When did you decide you wanted a career in occupational health and safety?
That decision came early, during my first career in the forestry field. Working as a cutter and skidder operator, the hazards are significant, the environment unforgiving and the consequences of incidents can be life altering. I knew early on the importance of having the necessary knowledge and expertise was paramount to my safety and those around me. At that time, the province was just introducing mandatory training for forestry workers and I knew immediately I wanted to be involved in imparting my knowledge and skills to others in the forestry sector.
What was your first occupational health and safety position?
Consultant/Trainer for the Forest Products Accident Prevention Association.
Tell me about your current job. What are your main areas of responsibility?
I’m currently acting President and CEO for Workplace Safety North (WSN) based out of North Bay, Ontario. WSN is an independent not-for-profit organization and is a leading provider of health and safety services, training, and resources for mining, mine rescue, and forest products sectors, as well as northern Ontario businesses across all sectors. I have the privilege of leading a team of more than 70 professionals to have the greatest positive impact on occupational health and safety across the sectors and communities that we serve.
What do you love about your job?
Every day offers the prospect to advance our vision to see every worker return home safe and healthy. I have an amazing team that share my passion for improving the lives of working men and women across the province. Working alongside them is simply an honour and a pleasure.
What are the challenges you experience in your job?
Challenges are simply opportunities that have yet to be realized or acted upon. Any job has its challenges, but when you’re surrounded by a team like we have at WSN, nothing is insurmountable and collectively we always figure it out.
What skills are important for success in the OHS field?
The OHS field is evolving quickly and the capabilities of today’s OHS Professional must change to adapt to that reality. The OHS Professional must be seen as a trusted advisor, strategist and leader in fully integrating the management of OHS into the organizations they work with. The ability to build relationships across organizations, to exercise leadership skills, to positively influence culture, to use critical thinking skills to address new and emerging challenges are all key to being successful in the OHS field. This list is by no means exhaustive, but organizations are looking for individuals that are not only technical experts but individuals that possess the leadership and communication skills to be partners in organizational success.
What tips do you have for new grads or those in entry level OHS positions who want to move up the ladder?
Continue growing and learning. Learning does not stop once one achieves a diploma or degree, it is indeed continuous. Considering the pace of change in today’s world, lifelong learning is more important today than it ever has been and to be relevant and value added new grads need to embrace this concept. Look for a mentor that can help you define what that path looks like given your current strengths and what areas you need to build your capabilities.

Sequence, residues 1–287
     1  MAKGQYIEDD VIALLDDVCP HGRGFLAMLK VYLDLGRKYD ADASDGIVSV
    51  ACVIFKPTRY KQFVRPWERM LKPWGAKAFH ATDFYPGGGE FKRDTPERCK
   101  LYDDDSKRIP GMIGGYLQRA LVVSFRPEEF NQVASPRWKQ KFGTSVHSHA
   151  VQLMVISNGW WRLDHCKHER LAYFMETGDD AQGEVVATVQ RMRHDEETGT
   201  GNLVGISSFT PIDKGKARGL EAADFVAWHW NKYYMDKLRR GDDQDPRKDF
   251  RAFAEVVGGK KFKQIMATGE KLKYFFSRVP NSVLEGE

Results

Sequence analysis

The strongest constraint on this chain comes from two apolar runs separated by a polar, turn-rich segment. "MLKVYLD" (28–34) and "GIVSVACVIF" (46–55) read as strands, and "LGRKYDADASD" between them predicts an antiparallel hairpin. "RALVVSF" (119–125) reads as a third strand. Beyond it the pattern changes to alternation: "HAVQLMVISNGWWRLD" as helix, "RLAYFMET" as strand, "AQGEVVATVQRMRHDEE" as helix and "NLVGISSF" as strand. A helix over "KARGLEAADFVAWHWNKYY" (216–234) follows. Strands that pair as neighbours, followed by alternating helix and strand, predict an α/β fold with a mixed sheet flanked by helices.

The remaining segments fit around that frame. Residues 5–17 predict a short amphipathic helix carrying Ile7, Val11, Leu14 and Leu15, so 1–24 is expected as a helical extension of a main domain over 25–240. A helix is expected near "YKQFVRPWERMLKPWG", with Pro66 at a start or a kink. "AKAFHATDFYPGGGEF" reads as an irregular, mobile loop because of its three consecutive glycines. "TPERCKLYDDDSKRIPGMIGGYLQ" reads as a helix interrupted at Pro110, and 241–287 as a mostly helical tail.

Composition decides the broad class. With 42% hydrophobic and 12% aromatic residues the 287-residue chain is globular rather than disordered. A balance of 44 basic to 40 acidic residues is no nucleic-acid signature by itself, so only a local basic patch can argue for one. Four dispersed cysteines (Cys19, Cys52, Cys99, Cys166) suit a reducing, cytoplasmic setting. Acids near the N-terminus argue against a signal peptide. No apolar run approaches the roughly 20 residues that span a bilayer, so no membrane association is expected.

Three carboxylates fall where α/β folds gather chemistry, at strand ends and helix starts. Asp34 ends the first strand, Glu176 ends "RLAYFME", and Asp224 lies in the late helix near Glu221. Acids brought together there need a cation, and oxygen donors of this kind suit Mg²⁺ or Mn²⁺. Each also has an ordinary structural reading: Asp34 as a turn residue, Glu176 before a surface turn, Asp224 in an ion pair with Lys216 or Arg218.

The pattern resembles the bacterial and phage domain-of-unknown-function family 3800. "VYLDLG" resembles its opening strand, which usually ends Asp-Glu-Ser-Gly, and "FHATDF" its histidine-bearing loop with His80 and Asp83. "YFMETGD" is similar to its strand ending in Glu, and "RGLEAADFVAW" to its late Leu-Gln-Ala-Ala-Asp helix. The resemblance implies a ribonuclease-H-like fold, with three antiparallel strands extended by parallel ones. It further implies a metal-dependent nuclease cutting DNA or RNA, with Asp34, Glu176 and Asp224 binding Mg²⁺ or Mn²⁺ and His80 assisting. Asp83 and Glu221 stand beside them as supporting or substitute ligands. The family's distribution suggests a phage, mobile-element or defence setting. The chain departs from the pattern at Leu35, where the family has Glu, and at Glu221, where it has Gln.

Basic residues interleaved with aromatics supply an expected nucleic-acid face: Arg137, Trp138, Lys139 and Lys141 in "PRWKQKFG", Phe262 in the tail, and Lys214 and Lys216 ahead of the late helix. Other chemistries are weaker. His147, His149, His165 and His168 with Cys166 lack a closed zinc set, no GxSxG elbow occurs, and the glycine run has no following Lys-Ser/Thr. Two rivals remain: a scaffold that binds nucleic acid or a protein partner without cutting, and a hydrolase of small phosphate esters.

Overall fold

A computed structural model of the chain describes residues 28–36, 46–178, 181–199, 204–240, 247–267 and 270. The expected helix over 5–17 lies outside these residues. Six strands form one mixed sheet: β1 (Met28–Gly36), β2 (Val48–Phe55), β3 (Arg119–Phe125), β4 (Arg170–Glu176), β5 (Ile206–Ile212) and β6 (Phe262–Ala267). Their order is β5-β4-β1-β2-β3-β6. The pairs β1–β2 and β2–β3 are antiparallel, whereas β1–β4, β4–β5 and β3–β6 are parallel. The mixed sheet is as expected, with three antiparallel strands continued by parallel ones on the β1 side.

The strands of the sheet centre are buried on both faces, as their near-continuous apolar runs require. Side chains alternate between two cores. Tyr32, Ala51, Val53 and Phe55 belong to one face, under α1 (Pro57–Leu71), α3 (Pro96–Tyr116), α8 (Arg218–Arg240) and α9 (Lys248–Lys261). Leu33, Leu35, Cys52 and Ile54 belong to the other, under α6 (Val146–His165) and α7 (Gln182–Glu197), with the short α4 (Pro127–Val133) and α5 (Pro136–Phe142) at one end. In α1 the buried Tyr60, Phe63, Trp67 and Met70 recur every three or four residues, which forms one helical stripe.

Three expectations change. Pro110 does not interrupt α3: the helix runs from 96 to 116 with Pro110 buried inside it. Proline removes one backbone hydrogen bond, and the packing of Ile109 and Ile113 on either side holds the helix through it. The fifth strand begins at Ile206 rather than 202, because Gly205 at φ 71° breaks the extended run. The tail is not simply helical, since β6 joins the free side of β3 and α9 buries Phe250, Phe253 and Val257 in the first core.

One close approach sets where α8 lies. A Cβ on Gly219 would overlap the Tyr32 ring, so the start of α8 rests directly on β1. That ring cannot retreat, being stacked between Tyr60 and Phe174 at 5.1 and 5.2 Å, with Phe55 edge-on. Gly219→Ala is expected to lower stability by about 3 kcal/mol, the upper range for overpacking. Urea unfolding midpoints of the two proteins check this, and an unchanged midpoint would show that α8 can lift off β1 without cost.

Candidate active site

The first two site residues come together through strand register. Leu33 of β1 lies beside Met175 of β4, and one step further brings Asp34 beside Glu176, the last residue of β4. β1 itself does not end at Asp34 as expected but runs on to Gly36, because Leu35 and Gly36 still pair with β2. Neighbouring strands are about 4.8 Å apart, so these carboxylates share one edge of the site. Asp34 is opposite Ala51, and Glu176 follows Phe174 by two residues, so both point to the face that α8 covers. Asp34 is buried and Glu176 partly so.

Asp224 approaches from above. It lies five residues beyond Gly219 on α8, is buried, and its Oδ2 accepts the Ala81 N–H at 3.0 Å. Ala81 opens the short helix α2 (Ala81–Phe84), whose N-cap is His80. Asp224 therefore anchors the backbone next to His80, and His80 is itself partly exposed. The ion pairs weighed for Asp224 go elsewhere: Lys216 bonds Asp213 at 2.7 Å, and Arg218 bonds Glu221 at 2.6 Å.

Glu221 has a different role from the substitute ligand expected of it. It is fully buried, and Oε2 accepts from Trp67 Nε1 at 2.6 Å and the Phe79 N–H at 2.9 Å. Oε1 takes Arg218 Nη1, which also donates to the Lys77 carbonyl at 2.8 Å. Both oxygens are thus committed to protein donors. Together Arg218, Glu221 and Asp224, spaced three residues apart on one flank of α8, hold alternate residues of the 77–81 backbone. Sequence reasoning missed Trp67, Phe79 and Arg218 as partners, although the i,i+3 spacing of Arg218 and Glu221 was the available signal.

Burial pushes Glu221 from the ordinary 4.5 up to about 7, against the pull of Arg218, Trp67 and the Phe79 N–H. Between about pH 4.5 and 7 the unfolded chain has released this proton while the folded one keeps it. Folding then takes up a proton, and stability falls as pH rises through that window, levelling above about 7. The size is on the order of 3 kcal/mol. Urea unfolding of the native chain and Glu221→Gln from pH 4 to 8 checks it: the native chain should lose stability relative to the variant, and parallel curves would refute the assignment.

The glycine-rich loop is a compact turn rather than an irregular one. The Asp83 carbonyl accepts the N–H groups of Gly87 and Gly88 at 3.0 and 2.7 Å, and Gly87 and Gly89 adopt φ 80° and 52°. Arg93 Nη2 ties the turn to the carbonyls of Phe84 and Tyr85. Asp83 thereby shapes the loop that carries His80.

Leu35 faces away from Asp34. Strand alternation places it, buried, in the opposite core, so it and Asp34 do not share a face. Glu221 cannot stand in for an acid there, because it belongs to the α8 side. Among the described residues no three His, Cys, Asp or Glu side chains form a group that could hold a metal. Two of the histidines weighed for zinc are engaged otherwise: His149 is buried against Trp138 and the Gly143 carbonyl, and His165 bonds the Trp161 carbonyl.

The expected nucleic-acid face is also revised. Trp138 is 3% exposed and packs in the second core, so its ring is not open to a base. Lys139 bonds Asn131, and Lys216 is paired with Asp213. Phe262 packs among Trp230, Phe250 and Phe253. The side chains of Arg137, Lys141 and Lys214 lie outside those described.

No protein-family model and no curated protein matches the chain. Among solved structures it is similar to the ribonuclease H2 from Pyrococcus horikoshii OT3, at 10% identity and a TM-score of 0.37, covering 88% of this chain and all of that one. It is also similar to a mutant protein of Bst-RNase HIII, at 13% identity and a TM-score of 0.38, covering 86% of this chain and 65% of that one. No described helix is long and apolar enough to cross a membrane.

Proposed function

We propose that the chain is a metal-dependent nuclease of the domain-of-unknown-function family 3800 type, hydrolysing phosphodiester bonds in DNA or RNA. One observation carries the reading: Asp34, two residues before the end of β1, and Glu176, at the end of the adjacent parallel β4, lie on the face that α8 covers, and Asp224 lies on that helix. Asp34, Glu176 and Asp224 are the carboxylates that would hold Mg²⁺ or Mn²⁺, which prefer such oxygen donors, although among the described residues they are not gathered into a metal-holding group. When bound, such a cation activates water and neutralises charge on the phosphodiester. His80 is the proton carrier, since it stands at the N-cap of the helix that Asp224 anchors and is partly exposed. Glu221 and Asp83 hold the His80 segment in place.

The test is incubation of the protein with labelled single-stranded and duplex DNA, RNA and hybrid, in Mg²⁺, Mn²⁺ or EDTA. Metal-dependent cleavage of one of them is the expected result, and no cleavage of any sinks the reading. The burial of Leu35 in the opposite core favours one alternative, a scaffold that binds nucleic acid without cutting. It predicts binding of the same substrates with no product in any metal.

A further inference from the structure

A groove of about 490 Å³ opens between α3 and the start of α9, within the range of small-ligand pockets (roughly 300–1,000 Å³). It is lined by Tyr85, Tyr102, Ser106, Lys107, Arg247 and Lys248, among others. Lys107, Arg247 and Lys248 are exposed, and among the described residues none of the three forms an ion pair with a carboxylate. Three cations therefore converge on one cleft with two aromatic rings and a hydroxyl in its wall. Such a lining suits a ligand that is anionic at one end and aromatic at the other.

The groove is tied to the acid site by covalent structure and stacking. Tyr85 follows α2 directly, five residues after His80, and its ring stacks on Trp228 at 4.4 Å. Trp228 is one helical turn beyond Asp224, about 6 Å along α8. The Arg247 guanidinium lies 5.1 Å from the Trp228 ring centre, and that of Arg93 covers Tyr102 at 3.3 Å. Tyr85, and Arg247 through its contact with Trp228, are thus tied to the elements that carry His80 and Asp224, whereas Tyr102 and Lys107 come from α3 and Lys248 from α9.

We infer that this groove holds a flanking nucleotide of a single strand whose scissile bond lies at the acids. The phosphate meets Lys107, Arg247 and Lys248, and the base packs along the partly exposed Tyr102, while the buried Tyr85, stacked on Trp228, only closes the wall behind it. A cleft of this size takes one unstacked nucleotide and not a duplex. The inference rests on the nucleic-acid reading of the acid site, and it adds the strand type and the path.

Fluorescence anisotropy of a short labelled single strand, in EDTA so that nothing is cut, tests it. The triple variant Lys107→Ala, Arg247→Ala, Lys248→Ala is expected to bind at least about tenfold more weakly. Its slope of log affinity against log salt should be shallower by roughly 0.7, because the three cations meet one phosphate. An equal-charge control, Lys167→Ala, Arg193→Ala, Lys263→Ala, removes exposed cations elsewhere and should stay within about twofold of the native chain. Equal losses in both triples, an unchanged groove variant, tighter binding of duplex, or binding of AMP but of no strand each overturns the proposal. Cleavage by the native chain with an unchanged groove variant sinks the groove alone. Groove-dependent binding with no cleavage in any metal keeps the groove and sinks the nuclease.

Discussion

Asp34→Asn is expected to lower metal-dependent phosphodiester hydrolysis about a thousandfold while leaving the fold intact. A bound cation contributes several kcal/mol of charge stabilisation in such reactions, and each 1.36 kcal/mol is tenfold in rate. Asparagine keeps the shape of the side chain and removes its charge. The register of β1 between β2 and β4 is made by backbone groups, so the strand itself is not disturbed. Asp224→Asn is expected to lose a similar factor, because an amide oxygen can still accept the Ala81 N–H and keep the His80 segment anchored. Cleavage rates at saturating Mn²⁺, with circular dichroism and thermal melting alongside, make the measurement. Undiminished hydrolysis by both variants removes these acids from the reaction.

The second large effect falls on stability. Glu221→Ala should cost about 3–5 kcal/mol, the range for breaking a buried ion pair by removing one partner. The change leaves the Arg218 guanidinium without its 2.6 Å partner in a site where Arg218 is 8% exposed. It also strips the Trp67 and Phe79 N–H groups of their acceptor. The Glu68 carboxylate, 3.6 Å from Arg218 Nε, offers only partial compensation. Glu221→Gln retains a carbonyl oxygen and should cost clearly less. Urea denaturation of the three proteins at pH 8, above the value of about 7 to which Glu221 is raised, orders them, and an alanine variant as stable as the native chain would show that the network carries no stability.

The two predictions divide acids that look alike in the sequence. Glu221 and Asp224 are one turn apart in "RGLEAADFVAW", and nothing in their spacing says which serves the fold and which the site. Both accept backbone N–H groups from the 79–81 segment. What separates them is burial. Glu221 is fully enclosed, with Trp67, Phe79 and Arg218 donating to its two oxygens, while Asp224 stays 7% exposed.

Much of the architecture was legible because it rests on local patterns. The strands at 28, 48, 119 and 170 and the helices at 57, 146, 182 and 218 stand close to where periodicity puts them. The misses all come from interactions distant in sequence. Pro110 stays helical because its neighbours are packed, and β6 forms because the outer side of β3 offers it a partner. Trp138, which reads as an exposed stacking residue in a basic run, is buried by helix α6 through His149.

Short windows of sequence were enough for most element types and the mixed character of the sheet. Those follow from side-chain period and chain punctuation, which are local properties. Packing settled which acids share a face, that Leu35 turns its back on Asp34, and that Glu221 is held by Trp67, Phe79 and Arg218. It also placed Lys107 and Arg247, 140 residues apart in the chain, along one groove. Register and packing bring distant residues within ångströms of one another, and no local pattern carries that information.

The OHS field has been evolving. What changes excite you most?
In the Canadian context, increasing the level of education required of a CRSP and establishing a technician level certification to compliment the professional level are exciting changes that will serve the OHS field well. The International Network of Safety and Health Practitioner Organizations have established a global capability framework for both the OHS professional and the OHS practitioner. BCRSP is mapping our own frameworks to this global framework to ensure Canadian OHS professionals and practitioners are well positioned in the global marketplace.
What’s the future of the OHS profession?
I’d suggest two important elements that will impact the future of the OHS profession. The first is globalization and the need to ensure Canada leads in terms of accrediting the very best in occupational health and safety professionals and practitioners. That will add to the recognition and value the OHS field brings to society. The second is to establish the OH&S as a licensed profession. Currently anyone can practise in the field which in my mind does serve the profession or society well. Having recognized certification frameworks that define what education, knowledge, skills and capabilities and having those frameworks as licenced professions will support better outcomes for workers, employers and society as a whole.
What do you do when you are not working?
Living in northern Ontario allows me to take advantage of everything the north has to offer. That includes spending time boating, kayaking and fishing on Trout Lake in the summer. A short drive to Mattawa in the winter is Mount Antoine which allows for great downhill skiing and spectacular views of the surrounding area. Northern Ontario has some of the country’s best outdoor experiences right at our doorstep and I look to take advantage of as many of them as possible.